By the way, I went to the recent conference on geoengineering at MIT and will publish my notes soon. I'll send you the raw notes if you're interested.

    A more extreme scenario; If some nations remain intransigent if the face of catastrophic climate change, would it be strategic to declare war on their carbon infrastructure-for example targeting coal plants. Probably unlikely given that all the major military powers are the worst emmiters. You'd have to be the worst, last hold out, but perhaps we might see emissions driven sanctions in the future.

    I think the lag between actions and consequences is large enough that this is unlikely to be a factor. It's not as if the previous year's emissions from the US can be immediately blamed for some particular catastrophe in China.

    Also, as per-capita emissions in China & India rise to a level comparable with the US & Europe (which won't take long at this rate) I think we will see a compelling counterargument: that the collective decision to grow to population levels and densities that are so high in those countries in the 20th century was as much responsible for the problem as the intense per-capita use of the developed world that was spread over a smaller & less dense population.

    I'm not so much endorsing that idea myself (although I think there is a certain truth to it) as saying that blaming the US for high per-capita emissions is going to be tough when the absolute size of China & India's emissions will be so large in 10-20 years. The "historical debt" of the developed world is to-date CO2 emissions during industrialization. The "historical debt" of China & Inda, though, is the way their populations ballooned during the 20th century.

    The policy could be summed up as 'I'm all right, Jack! (screw you!)'

    I agree with Jacob, though: MAD is not a good analogy because of the time-scale ('blowing your smoke stacks on warning' suggests a child throwing a tantrum... which would be apt)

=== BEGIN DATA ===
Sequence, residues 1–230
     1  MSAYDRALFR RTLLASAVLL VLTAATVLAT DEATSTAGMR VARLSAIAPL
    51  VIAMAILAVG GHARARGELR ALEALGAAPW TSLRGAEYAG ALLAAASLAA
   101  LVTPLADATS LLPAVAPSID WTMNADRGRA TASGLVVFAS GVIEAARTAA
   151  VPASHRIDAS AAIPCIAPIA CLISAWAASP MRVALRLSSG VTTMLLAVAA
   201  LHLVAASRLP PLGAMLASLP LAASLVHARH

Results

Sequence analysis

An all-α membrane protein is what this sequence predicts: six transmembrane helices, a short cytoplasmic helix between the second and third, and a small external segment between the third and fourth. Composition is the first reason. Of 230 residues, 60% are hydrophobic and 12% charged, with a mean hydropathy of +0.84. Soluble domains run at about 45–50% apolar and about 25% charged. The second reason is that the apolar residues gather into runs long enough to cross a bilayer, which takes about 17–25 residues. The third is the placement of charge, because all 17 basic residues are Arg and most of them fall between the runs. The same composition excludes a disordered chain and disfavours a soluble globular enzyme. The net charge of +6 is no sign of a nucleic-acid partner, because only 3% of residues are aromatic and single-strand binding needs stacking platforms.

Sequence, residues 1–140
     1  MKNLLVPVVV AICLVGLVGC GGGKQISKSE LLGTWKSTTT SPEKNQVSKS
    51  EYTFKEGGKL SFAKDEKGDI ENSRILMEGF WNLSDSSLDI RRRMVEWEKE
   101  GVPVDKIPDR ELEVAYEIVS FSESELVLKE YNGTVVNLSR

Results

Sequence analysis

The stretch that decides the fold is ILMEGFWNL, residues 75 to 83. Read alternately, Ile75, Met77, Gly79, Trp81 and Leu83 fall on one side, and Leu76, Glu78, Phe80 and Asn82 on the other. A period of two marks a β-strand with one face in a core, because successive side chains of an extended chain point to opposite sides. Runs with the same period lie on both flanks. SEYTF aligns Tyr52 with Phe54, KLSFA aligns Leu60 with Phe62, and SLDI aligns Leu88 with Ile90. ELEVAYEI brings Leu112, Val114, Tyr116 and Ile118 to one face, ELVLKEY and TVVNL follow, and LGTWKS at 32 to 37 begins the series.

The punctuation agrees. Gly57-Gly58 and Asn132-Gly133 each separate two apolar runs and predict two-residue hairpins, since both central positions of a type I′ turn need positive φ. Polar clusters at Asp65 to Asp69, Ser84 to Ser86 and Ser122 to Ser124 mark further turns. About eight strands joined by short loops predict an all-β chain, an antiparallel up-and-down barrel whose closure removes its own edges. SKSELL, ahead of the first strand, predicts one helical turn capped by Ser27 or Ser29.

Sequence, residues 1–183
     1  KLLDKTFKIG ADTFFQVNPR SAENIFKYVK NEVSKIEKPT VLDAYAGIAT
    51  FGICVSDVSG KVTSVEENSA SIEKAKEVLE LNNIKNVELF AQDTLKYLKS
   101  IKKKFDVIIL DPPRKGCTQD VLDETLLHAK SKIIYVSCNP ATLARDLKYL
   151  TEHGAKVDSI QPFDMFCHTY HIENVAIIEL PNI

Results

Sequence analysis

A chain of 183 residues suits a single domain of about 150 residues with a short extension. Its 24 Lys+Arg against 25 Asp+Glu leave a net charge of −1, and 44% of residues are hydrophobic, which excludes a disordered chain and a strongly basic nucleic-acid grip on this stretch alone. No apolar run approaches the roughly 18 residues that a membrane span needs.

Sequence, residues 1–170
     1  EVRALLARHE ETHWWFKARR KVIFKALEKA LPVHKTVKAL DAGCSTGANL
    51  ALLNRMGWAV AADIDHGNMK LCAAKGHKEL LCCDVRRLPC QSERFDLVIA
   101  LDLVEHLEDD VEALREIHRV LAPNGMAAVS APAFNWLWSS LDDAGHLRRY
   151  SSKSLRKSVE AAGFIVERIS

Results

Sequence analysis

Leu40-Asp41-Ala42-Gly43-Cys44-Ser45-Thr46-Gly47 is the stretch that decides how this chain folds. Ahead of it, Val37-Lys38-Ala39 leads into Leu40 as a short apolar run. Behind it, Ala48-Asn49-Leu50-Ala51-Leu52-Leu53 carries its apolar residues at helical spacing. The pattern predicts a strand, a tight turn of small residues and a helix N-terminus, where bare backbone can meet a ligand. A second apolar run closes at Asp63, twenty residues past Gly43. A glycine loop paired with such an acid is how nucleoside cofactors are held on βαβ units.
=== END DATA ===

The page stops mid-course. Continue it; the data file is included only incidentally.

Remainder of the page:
It's not as if the previous year's emissions from the US can be immediately blamed for some particular catastrophe in China.

    Scientifically? No. Politically? Yes -- and almost certain to happen.

    I'm looking at this situation from the perspective of international politics (theory and history), as well as my own limited experience arguing with people from China and India about global warming and responsibility for action. You're absolutely right that continuing to blame the US and Europe for AGW at a point when both absolute and per-capita emissions in China & India far outstrip those of the West in the not-too-distant future would be scientifically untenable. But if China and/or India sees a possible advantage to be gained by dragging their feet, what's scientifically accurate will have little bearing on what's politically palatable.

    For whatever it's worth, I don't actually see India and China as taking up the strategic advantage by differential adaptation posture -- it already looks pretty clear that they will have quite a bit to lose with continued climate disruption. Russia, conversely, is coming close to doing this already. And, to be frank, I wouldn't be surprised to see this emerge as a quiet strategic argument among the American Exceptionalist types.

    I'm certainly not advocating it (and I don't get the impression that you think that I am), nor am I saying that it's inevitable, but it did strike me as being sufficiently plausible and resonant with historical patterns that it was worth calling out.

    It's a mutant form of the 'bad for the economy' arguments that still do the rounds.

    I can see how the attitude would develop. I don't see that it could ever become effective.

    Why Russia, in particular?

    Teach your children from the cradle:
    'Nummish* thinking is a no-no!'

    *nummish (adj.): indicating that everyone necessarily loses. An amalgamation of negative-sum.

    Russia stands to benefit the most from climate change, with warmer climate in both its European and Asian territories, access to new resources in the arctic, and easier northern sea travel. It also relies heavily on fossil fuels export.
    China and India don't want to stop their growth, but they also are among the countries who would suffer a lot from climatic change. However, they both also recognize the potential benefit from developing green energy tech.
    The US has only little to fear from climatic change, and is generally complacent and unwilling to help in collective efforts.
    The EU has only a little to fear, but is the only one (with Japan) really acting. It has a leadership problem though.
    Brazil is an interesting player, with both green tech involvement and the Amazonian forest.

    For these reasons and others all the effort to create climate treaties is wasted.

    Geoengineering is the only practical thing to do in the short run. In the long run (50+ years) technology will obviate carbon issues.

    Russia presumably because it has massive fossil fuel reserves, and could for instance arbitrage carbon by burning coal and selling electricity to areas with carbon taxes, or by embedding carbon in other goods, for instance in the production of concrete, steel, aluminum, and so on. It could also host energy-intensive operations for multinationals. Provided there were a sufficient number of countries willing to trade with them it would be hard to do much about it.